October 31st, 2012 |
A few months ago, we announced Google Earth for mobile, which offered new ways to see cities in 3D and a new tour guide feature to help you discover places of interest on the go. Starting today, you can get both of those features on a bigger screen that makes it even easier to explore by downloading Google Earth 7 on your desktop. Check out the comprehensive and accurate tours of more than 11,000 popular sites around the world, including our growing list of cities where new 3D imagery is available.
The tour guide feature serves as a local expert, suggesting nearby places you might want to explore and helping you learn about those locations. For whichever area you’re viewing in Google Earth, thumbnails highlighting pre-created tours in the same area will dynamically update at the bottom of the screen. Simply click on one of the tours, and you’ll embark on a virtual flyover of famous, historical and cultural sites close by. Educational and fun facts from Wikipedia will also appear on the screen as you fly in and around locations like the Great Wall of China, Stonehenge, and more.
|The new tour guide feature in Google Earth 7|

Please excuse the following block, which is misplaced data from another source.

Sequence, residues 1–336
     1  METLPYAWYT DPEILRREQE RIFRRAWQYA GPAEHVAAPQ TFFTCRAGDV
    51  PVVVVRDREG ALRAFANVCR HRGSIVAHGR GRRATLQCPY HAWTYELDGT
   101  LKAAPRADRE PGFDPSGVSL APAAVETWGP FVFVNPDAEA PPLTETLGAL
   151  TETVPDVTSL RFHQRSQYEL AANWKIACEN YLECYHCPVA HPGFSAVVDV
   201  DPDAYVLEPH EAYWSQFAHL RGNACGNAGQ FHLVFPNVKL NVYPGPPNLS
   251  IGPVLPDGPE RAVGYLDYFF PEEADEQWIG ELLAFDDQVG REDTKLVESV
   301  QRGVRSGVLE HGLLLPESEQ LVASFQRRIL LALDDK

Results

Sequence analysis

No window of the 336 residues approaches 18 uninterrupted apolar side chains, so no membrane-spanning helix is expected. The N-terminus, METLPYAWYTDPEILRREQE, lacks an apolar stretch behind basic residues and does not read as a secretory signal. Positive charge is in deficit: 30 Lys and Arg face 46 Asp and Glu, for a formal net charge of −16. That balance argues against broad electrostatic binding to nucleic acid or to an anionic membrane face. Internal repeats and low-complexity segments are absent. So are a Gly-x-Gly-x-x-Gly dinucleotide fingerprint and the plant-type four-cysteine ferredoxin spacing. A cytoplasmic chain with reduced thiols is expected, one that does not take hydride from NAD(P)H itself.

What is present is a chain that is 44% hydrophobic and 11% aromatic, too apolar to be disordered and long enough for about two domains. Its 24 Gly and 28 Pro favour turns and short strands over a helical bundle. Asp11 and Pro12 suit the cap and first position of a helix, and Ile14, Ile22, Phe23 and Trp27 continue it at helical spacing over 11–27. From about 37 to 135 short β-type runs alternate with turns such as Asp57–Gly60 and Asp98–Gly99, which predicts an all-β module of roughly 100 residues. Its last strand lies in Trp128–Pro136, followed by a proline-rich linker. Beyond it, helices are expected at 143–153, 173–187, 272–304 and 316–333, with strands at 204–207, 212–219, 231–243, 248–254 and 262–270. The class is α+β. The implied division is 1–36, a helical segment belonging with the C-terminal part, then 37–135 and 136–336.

In addition, Google Earth 7 now includes the comprehensive, accurate 3D imagery we’ve already made available on Android and iOS for Boulder, Boston, Charlotte, Denver, Lawrence, Long Beach, Los Angeles, Portland, San Antonio, San Diego, Santa Cruz, Seattle, Tampa, Tucson, Rome and the San Francisco Bay Area (including the Peninsula and East Bay). And today, we’re adding more 3D imagery for a handful of metropolitan regions including Avignon, France; Austin, Texas; Munich, Germany; Phoenix, Arizona; and Mannheim, Germany. The experience of flying through these areas and seeing the buildings, terrain and even the trees rendered in 3D is now consistent across both mobile and desktop devices -- making all of your virtual travels more realistic than ever.
|New 3D imagery of Munich, Germany|
Download Google Earth 7 and be sure to check out the Google Earth website for more tips and tricks.
Posted by Peter Birch, Google Earth Product Manager